The mono-olefin, element 7, and an alkyl benzene (10) are constituents of both hydrocarbon fuels, per se and the hydrosol fuels disclosed. Such obtain critical power from the cleavage of the hydrocarbon monocules. This mono-olefin element can substitute for element (9) toluene or element (10), the alkyl benzene, or both. Element 10 can substitute for elements 7 and 9, one or both. However, to the extent (7) or (10) is used to substitute for one or the other or both, the level of the mono-olefin or alkyl benzene must be raised to the total level of the two or three indicated, both range given and level most preferred. Thus, if element 7 substitutes both for 9 and 10, the range of the mono-olefin will be 0.5 to 3.4% by weight. The most preferred range in this case will be 1.0% by weight. Likewise with element (10).
Element 8 (Amsco solv-EE 2-methoxy ethanol) acts as a pour point depressant. For cold climates, this or the equivalent is necessary to avoid freeze out.
With respect to element 9, toluene, this additive is for power plus a cheaper control of the viscosity of the hydrosol, in the case of the hydrosol fuel. It is optional, provided elements 7 and/or 10 are increased proportionally.
Element 10, the alkyl benzene, (example zerol-150) aids the lubricity of the fuel and cleavage of the hydrocarbon molecules. Its presence, per se, is preferred as it also aids maintenance of the hydrosol condition, but optional, provided elements 7 and/or 9 are increased proportionately to the total figures given in the table.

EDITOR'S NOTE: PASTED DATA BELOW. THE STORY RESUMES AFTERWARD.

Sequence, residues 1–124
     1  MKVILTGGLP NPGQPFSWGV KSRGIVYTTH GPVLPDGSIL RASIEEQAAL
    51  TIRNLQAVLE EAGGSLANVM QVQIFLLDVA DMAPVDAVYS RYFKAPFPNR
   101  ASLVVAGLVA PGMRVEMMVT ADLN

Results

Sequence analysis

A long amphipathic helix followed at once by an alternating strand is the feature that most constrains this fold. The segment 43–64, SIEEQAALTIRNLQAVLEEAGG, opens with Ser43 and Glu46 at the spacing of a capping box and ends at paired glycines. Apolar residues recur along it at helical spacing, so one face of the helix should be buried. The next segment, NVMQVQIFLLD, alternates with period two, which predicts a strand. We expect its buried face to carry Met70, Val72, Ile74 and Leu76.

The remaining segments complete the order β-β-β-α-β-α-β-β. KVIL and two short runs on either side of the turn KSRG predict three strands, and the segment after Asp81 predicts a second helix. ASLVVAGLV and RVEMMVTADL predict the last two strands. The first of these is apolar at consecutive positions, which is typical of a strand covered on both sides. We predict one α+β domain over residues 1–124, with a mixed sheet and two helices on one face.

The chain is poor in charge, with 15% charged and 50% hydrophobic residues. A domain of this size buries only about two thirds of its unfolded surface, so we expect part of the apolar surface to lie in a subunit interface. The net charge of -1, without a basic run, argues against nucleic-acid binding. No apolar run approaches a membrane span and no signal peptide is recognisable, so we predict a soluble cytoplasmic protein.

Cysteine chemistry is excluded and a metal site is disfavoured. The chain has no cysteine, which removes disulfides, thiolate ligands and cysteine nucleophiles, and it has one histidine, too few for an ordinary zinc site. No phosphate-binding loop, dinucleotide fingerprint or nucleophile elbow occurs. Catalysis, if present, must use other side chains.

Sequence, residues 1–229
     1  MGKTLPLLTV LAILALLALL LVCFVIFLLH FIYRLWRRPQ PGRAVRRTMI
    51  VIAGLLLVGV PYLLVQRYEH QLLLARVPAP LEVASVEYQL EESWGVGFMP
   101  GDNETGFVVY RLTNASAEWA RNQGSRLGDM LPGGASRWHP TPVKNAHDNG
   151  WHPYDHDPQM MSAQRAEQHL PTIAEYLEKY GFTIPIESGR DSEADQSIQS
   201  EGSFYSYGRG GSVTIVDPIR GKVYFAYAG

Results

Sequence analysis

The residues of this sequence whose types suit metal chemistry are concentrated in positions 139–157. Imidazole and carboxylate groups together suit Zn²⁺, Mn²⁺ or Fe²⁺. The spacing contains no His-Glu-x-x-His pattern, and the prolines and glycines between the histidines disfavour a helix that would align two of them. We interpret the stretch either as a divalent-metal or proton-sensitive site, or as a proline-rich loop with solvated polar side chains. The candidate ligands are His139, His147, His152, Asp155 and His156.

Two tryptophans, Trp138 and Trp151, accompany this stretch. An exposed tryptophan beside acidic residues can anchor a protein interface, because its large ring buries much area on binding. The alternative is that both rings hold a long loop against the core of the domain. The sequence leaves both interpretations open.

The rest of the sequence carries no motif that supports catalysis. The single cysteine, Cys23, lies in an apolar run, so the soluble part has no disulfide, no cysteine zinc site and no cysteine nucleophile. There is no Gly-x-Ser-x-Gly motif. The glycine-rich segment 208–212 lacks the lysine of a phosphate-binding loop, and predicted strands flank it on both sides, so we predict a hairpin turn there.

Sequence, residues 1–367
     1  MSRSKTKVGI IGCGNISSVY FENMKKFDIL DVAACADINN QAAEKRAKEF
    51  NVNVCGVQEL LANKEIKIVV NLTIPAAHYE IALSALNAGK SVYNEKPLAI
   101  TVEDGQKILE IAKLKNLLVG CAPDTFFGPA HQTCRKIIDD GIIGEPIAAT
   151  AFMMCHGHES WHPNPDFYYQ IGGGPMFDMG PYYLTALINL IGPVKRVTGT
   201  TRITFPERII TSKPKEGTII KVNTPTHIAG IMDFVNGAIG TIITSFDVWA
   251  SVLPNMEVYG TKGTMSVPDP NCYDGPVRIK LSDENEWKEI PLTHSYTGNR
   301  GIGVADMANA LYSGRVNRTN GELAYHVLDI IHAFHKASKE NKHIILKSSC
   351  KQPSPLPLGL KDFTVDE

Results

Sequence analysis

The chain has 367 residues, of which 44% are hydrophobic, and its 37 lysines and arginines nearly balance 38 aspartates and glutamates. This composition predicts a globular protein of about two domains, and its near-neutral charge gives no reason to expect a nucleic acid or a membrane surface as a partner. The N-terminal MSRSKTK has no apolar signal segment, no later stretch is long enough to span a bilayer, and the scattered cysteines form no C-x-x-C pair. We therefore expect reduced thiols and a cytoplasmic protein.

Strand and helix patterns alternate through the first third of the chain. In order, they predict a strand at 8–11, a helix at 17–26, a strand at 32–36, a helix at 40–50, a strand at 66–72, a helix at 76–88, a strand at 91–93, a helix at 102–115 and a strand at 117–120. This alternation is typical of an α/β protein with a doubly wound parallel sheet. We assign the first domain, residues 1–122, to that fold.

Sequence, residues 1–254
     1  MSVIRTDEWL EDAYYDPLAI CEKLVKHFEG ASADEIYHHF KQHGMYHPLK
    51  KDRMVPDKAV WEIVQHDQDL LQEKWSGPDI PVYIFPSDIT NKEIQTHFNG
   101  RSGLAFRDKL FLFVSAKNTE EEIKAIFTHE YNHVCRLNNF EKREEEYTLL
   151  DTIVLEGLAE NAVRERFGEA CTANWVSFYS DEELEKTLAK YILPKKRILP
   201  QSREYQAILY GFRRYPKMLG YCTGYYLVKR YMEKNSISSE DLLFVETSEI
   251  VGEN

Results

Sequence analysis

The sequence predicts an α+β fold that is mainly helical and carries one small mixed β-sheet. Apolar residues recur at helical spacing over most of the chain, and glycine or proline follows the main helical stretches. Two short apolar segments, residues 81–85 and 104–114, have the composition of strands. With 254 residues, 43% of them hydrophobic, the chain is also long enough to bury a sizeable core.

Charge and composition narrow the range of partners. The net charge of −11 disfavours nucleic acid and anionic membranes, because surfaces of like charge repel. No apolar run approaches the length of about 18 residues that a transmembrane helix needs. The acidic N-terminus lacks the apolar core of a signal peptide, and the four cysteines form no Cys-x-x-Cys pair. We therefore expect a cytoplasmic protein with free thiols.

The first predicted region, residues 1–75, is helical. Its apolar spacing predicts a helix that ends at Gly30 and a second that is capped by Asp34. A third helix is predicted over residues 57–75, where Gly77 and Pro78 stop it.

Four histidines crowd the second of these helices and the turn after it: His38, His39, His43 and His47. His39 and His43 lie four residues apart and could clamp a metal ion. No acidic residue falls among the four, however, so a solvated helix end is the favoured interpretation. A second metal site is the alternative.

Whenever sulfur and nitrogen containing hydrocarbon fuels are burned, oxides of sulfur and nitrogen are invariably emitted into the atmosphere as SO2 and SO3 (SOx) and as NO and NO2 (NOx), as will be stated hereunder.
These emissions result in an environmentally hazardous chain reaction of massive proportions that drastically affect our global ecological balance and welfare.
By utilizing Hydrosol Distillate Fuels, as the following illustrations and examples will show, substantial amounts of both SOx and NOx will be eliminated, thereby contributing to the re-establishment of our ecological balance.